In a year of many uncertainties and never-before-seen circumstances across baseball, the Milwaukee Brewers will be looking to accomplish a first of their own.
Never before have the Brewers qualified for the Postseason in three consecutive years. In fact, heading into their 50th season on the heels of back-to-back trips to the playoffs, they’ve only accomplished that feat one other time (1981-82).
But will the Brewers — who saw a bevy of players come and go this past winter — have what it takes to edge out the rest of the pack in what looks like a very competitive National League Central in a 60-game season?
Former Tampa Bay Rays (and Chicago White Sox) outfielder Avisail Garcia headlines the list of new faces acquired via free agency, followed by pitcher Brett Anderson, first baseman Justin Smoak and infielders Brock Holt, Eric Sogard and Jedd Gyorko.
Also entering the fold by way of trade is second baseman Luis Urias and left-hander Eric Lauer. The pair of Urias and Lauer was acquired from the San Diego Padres in exchange for pitcher Zach Davies and outfielder Trent Grisham.
The Brewers also acquired pitcher Josh Lindblom this winter. Lindblom spent each of the last five seasons pitching South Korea, and will join Anderson in the Milwaukee starting rotation this season.
Obviously losing a player like Yasmani Grandal, who posted a .380 OBP in 632 plate appearances (both career-highs) for Milwaukee in 2019 is a major hit to the Brewers aspirations to secure a third-consecutive trip to the Postseason, but they’re hoping that the new faces that they acquired during a winter of musical roster chairs will soften — or alleviate — the blow.
Where do the Brewers fit into a Competitive N.L. Central?
Looking up and down the N.L. Central landscape, you find a division that looks as competitive as we’ve seen in years.
The Cardinals finished with 91 wins in 2019 and won the division, the Cubs finished right behind the Brewers with 84 wins, and the Cincinnati Reds — who won 75 games in 2019 — are vastly improved after a big offseason of spending.
The Brewers will have their work cut out for them, and a hot start will be especially imperative for Milwaukee according to outfielder Christian Yelich.
”If your team gets off to a bad start if you take that 1-10 start or 2-10, you’re in a tough position because you don’t have an extended period of time to make that up,” Yelich said. ”During a normal season, you’re going to go through the 2-10 or 2-8 or 1-9. It’s going to happen. But if it happens this season right off the bat, it’s going to be tough to make up that ground.”
The Brewers open their season on July 24 under the lights at Wrigley Field against the Chicago Cubs, and aside from a three-game trip to Pittsburgh after the Cubs series, the schedule makers did Milwaukee no favors.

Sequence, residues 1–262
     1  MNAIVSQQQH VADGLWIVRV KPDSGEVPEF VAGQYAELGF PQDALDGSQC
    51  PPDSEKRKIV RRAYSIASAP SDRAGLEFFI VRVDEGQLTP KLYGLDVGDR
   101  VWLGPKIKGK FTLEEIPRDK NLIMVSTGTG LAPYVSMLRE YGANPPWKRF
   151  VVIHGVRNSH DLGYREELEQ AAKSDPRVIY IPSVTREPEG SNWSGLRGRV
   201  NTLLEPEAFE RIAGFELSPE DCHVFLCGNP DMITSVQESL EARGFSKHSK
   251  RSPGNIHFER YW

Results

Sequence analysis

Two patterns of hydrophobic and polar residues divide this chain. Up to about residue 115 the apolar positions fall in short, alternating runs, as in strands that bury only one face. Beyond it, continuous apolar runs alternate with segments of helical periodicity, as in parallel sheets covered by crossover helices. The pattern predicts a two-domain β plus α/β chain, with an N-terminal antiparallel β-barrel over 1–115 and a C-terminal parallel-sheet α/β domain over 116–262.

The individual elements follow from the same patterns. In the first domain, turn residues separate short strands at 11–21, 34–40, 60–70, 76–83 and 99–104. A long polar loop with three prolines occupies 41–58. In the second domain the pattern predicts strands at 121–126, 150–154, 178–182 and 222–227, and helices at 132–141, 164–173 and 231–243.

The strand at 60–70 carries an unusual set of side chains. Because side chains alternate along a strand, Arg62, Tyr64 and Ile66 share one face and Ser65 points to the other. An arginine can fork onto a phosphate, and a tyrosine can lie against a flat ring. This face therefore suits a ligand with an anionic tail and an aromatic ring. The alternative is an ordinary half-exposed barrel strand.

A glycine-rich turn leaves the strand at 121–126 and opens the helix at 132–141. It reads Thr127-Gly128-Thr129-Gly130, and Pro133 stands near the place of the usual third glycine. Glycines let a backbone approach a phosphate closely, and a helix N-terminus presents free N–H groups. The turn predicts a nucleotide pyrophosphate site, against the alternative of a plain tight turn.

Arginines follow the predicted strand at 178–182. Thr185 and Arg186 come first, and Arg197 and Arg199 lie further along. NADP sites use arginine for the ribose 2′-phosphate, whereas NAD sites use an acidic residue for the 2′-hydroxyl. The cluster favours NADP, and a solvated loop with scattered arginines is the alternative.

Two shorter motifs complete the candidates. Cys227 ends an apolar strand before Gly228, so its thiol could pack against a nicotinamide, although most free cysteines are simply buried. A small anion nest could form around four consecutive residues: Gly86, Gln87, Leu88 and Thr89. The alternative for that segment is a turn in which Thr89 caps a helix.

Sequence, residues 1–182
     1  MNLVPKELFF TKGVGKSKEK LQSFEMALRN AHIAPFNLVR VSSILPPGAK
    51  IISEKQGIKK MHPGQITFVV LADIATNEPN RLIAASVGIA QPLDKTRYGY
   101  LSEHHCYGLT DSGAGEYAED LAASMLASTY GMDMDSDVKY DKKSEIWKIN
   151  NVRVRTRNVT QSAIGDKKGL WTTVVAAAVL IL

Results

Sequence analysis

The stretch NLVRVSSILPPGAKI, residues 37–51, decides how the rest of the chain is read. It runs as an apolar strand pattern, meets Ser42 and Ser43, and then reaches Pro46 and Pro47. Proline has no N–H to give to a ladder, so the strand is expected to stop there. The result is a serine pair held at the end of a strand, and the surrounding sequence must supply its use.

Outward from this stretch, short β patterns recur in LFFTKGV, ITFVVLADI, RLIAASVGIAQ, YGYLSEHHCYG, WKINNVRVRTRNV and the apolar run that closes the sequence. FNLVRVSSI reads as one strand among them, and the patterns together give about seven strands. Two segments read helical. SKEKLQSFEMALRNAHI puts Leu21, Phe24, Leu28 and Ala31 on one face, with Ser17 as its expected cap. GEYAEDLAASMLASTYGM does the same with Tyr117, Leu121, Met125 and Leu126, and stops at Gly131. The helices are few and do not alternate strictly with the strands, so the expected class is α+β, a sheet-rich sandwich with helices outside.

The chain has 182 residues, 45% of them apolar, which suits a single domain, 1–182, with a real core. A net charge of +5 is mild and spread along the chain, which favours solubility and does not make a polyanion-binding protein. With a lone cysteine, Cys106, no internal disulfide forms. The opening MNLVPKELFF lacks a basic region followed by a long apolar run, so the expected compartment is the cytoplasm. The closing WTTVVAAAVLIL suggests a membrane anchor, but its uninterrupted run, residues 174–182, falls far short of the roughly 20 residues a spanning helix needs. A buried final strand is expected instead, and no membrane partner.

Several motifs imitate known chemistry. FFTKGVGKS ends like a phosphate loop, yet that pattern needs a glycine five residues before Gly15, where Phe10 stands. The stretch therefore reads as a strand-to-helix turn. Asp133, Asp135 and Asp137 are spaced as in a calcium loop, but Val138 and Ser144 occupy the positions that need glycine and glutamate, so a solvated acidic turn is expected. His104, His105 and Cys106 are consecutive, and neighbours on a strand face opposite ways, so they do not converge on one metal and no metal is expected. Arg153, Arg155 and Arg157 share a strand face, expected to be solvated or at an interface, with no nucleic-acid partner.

The Brewers play the Cubs (7), Twins (6), Cardinals (3), and the White Sox (4) in 20 of their first 23 games. We know how good the Cubs and Cardinals can be, and the Twins won 101 games in 2019 and then added Josh Donaldson to their lineup this winter. The White Sox will be no walk in the park either, boasting one of the best young rosters in all of baseball in 2020.
While the schedule makers weren’t kind to Milwaukee, one thing that they have working for them — that has played a huge role in their consecutive trips to the Postseason — is the culture that skipper Craig Counsell has built there along with veterans like Ryan Braun.
Culture and attitude so strong, that when I was talking to Central Michigan head coach Jordan Bischel about Brewers’ third-rounder Zavier Warren last month, Bischel — a lifelong Brewers fan himself — highlighted what Counsell has built as a reason he believes his former star will thrive in Milwaukee one day soon.
“What I love about the Brewers, and what Craig does with that team, is he’s incredibly innovative. If you watched what they did with Travis Shaw and Mike Moustakas, people thought that he was completely nuts, but it worked just fine and helped put them in the playoffs.”
The longest-tenured Brewer of them all, Ryan Braun believes that that cohesiveness will be all the more important during the abbreviated 2020 season.
”This year we’ll have to be more connected than we’ve ever been,” Braun said. ”There’s no other choice. I think it’s something we’ve embraced over the last couple of years – something that’s allowed us to probably exceed outside expectations.”
Obviously, grit and determination alone aren’t going to save the Brewers, so they’ll need a starting rotation that holds many unknowns, to be good enough to help their talented offense in 2020.
The lineup is loaded with firepower and the bullpen led by Corey Knebel and Josh Hader will be strong, but can that starting pitching staff that features only two players (Brandon Woodruff, Adrian Houser) who made more than 10 starts for the Brewers in 2019, keep them in ballgames?
For me, it’s that simple for the Brewers in 2020. Can the pitching be good enough to give the offense a shot?